JoVE   
You do not have subscription access to articles in this section. Learn more about access.

  JoVE Biology

  
You do not have subscription access to articles in this section. Learn more about access.

  JoVE Neuroscience

  
You do not have subscription access to articles in this section. Learn more about access.

  JoVE Immunology and Infection

  
You do not have subscription access to articles in this section. Learn more about access.

  JoVE Clinical and Translational Medicine

  
You do not have subscription access to articles in this section. Learn more about access.

  JoVE Bioengineering

  
You do not have subscription access to articles in this section. Learn more about access.

  JoVE Applied Physics

  
You do not have subscription access to articles in this section. Learn more about access.

  JoVE Chemistry

  
You do not have subscription access to articles in this section. Learn more about access.

  JoVE Behavior

  
You do not have subscription access to articles in this section. Learn more about access.

  JoVE Environment

|   

JoVE Science Education

General Laboratory Techniques

You do not have subscription access to videos in this collection. Learn more about access.

Basic Methods in Cellular and Molecular Biology

You do not have subscription access to videos in this collection. Learn more about access.

Model Organisms I

You do not have subscription access to videos in this collection. Learn more about access.

Model Organisms II

You do not have subscription access to videos in this collection. Learn more about access.

Essentials of
Neuroscience

You do not have subscription access to videos in this collection. Learn more about access.

In JoVE (1)

Other Publications (1)

Articles by Victoria Ryg-Cornejo in JoVE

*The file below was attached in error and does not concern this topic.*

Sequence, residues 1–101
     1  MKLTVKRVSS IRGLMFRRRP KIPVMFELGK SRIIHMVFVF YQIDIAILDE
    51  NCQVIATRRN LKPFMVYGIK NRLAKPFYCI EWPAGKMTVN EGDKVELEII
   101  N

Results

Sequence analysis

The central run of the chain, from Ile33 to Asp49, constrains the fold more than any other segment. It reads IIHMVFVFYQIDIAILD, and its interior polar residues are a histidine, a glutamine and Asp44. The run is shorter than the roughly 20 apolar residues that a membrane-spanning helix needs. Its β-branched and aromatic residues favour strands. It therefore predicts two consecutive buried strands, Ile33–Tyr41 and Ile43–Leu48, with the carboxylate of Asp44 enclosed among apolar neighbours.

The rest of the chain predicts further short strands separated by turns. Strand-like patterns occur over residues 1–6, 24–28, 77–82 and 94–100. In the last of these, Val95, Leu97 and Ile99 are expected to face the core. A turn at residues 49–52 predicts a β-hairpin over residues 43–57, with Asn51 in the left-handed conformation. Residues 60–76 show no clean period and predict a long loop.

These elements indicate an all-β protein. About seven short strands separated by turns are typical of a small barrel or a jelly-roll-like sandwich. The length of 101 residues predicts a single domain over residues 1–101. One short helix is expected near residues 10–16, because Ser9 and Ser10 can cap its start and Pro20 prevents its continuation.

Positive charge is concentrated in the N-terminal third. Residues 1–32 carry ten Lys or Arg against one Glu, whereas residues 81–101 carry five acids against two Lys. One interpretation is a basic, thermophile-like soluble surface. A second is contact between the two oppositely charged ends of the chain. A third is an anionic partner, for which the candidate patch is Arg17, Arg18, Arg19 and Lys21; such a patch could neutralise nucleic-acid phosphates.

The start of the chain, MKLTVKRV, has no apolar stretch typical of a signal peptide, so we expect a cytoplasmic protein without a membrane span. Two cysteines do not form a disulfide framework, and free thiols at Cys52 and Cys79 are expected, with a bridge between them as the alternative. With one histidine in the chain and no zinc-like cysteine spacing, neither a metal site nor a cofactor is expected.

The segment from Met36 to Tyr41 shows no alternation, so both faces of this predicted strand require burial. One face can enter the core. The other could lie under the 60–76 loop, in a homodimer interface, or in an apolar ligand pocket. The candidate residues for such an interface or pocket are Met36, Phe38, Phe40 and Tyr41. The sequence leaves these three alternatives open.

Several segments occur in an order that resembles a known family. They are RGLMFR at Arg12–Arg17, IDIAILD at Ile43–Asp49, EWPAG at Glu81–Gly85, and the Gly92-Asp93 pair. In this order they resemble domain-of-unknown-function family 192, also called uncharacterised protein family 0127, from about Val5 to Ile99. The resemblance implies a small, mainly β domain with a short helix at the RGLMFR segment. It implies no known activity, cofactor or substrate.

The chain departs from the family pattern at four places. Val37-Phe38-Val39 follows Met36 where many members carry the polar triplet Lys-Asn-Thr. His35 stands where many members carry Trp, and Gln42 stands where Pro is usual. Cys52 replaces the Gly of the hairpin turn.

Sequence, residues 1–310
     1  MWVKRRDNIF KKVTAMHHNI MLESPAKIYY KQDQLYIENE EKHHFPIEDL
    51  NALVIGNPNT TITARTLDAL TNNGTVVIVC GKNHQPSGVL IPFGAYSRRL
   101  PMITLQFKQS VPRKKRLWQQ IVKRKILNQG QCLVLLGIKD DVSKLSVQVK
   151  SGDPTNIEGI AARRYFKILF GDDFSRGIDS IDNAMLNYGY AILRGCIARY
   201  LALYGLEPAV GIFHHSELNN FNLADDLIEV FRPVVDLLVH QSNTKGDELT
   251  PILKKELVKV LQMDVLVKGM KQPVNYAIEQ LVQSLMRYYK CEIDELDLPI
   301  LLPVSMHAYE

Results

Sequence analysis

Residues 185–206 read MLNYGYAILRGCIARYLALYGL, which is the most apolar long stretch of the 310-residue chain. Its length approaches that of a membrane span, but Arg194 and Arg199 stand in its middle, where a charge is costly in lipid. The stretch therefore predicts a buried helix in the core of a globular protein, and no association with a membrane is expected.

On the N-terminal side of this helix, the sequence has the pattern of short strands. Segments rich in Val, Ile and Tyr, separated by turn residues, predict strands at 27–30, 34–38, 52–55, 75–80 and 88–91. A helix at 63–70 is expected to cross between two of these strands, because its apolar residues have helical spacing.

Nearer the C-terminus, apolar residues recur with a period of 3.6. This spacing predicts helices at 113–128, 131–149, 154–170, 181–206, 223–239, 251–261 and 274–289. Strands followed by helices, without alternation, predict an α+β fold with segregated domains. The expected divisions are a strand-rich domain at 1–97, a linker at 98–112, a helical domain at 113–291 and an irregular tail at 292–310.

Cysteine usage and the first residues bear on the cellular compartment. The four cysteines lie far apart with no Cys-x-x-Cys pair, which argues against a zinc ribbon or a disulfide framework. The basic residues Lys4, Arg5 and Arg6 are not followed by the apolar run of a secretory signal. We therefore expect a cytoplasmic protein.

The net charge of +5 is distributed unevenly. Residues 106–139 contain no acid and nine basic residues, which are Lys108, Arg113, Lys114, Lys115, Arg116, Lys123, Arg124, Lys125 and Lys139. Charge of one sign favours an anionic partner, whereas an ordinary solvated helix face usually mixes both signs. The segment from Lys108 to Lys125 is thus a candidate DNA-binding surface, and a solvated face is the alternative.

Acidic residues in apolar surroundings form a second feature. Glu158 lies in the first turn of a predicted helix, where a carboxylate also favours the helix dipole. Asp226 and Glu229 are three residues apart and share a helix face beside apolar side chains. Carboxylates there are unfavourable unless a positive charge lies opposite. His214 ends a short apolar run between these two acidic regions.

JoVE Immunology and Infection

Isolation and Analysis of Brain-sequestered Leukocytes from Plasmodium berghei ANKA-infected Mice

1The Walter and Eliza Hall Institute of Medical Research


JoVE 50112

A method for isolation of adherent inflammatory leukocytes from brain blood vessels of Plasmodium berghei ANKA-infected mice is described. The method allows quantification as well as phenotypic characterization of isolated leukocytes after staining with fluorescent antibodies and subsequent analysis by flow cytometry.

Other articles by Victoria Ryg-Cornejo on PubMed

NK Cells and Conventional Dendritic Cells Engage in Reciprocal Activation for the Induction of Inflammatory Responses During Plasmodium Berghei ANKA Infection

Cerebral malaria (CM) is the most severe syndrome associated with Plasmodium falciparum infections. Experimental evidence suggests that disease results from the sequestration of parasitized-red blood cells (pRBCs) together with inflammatory leukocytes within brain capillaries. We have previously shown that NK cells stimulate migration of CXCR3(+) T cells to the brain of Plasmodium berghei ANKA-infected mice. Here we investigated whether interactions between NK cells and dendritic cells (DCs) are required for the induction of T cell responses involved in disease. For that, NK cell-depleted and control mice were infected with transgenic parasites expressing model T cell epitopes. T cells from TCR transgenic mice specific for those epitopes were adoptively transferred and proliferation was determined. NK cell depletion significantly reduced CD8(+) but not CD4(+) DC-mediated T cell priming. Lack of NK cells did not compromise CD8(+) T cell responses in IL-12(-/-) mice, suggesting that NK cells stimulate IL-12 output by DCs required for optimal T cell priming. The contribution of DCs to NK cell function was also investigated. DC depletion and genetic deletion of IL-12 dramatically reduced NK cell-mediated IFN-γ responses to malaria. Thus NK cells and DCs engage in reciprocal activation for the induction of inflammatory responses involved in severe malaria.

Waiting
simple hit counter